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Transducer Placement Option for Ultrasonic Lamb Wave Structural Health Monitoring (SHM) on Damage Tolerant Aircraft Substructure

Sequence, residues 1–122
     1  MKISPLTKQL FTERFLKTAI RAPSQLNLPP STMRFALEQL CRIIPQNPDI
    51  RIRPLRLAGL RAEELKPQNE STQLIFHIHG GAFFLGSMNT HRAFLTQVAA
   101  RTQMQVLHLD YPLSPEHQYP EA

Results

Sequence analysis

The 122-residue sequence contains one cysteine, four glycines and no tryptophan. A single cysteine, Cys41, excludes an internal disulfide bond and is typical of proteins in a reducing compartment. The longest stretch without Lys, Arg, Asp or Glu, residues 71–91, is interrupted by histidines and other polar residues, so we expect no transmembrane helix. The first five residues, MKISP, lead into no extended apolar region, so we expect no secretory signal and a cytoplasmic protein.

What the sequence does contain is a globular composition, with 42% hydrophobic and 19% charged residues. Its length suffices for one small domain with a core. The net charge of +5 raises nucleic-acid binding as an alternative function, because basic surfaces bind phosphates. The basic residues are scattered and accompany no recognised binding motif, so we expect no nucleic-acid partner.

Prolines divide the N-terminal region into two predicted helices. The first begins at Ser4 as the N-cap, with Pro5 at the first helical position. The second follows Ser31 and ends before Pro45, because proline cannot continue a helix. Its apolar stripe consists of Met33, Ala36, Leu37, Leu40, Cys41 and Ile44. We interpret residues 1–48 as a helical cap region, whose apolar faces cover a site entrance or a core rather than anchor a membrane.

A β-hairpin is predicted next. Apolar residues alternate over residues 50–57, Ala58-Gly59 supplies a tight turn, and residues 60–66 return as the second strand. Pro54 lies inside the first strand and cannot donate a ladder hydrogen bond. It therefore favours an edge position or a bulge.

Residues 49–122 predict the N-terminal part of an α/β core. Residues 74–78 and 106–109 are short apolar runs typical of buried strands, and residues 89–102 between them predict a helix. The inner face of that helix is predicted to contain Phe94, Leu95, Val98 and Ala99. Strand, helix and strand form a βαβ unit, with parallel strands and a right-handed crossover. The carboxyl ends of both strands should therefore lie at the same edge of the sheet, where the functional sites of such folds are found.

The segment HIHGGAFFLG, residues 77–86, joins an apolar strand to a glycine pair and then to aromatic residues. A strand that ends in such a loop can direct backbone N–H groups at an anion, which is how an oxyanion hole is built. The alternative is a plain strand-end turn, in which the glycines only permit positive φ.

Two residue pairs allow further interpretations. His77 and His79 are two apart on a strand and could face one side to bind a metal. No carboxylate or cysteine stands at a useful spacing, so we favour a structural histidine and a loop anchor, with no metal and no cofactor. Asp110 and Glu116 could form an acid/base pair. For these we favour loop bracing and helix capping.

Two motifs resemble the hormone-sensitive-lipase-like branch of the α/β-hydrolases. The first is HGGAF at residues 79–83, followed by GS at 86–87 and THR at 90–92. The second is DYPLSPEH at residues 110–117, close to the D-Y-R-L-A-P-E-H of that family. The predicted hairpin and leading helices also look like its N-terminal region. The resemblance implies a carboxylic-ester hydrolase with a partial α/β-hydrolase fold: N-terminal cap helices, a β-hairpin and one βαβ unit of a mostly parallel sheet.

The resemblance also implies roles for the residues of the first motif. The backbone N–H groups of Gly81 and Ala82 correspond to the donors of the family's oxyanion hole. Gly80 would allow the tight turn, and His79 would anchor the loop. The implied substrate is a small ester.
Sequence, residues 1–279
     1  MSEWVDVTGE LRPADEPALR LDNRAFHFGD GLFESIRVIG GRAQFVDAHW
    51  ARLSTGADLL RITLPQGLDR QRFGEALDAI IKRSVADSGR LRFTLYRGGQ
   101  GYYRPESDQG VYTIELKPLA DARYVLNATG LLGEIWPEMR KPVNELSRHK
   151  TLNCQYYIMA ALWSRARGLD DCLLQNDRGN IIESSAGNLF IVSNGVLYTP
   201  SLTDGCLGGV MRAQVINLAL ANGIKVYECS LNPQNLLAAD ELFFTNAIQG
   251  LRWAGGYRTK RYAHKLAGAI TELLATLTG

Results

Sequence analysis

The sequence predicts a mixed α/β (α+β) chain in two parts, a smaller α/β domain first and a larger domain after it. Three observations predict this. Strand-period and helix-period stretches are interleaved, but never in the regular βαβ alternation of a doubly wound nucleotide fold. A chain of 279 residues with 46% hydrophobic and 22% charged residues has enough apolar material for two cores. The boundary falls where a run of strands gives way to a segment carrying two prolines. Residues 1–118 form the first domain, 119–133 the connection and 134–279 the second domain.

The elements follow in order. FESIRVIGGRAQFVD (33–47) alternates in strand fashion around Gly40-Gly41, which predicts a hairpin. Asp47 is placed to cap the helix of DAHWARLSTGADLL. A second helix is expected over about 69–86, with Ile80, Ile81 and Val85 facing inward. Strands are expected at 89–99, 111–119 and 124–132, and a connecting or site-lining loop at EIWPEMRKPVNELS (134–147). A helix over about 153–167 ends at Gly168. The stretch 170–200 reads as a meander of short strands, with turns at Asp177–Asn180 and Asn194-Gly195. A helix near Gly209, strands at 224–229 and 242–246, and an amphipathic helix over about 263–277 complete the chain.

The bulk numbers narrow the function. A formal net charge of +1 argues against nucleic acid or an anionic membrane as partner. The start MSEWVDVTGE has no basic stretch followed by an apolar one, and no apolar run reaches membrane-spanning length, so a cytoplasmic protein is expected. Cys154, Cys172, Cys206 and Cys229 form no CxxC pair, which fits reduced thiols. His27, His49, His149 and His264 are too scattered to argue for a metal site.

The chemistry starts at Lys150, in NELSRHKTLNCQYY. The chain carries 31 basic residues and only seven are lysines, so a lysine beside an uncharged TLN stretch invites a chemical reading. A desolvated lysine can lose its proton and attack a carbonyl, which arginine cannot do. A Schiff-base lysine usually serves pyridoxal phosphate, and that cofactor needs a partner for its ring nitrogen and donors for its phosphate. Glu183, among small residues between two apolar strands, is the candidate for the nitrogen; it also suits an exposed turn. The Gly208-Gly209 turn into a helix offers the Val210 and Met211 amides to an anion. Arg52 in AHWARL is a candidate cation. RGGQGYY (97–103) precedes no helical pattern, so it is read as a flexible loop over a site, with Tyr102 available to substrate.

In this paper, we review two transducer placement options to locate and quantify damage in primary aircraft structures using ultrasonic Structural Health Monitoring (SHM). The first placement approach concerns a known expected damage location, for example a fatigue crack growth from rivet hole. The location of such a damage can already be predicted by fracture mechanics and therefore the focus of this SHM system design is to determine the damage size. For this approach, we have developed our previous work in finite-element (FE) modelling of a damage tolerant aluminum fuselage by introducing an artificial crack into the structural FE model and assessed its influence on the Lamb wave propagation. Image processing was performed by subtracting the wave propagation image of the damaged from the undamaged structure. A second category of damage occurs at locations that cannot be predicted by fracture mechanics, such as impact damage from hail. This type of damage requires the SHM system to both locate and assess the size of the damage and this is heavily influenced by the positioning of the transducers. Optimal sensor placement (OSP) techniques tend to rely on assessment using the probability of detection (POD) parameter. In this work, we propose an alternative placement method which maximizes the detectability of the transducer coverage area based on the pulse-echo technique without relying on the POD parameter, by determining the fitness function based on sensor coverage area for single and multiple sensors and random damage locations. Results from both these approaches are compared in this paper, with a perspective towards the overall design of SHM systems.


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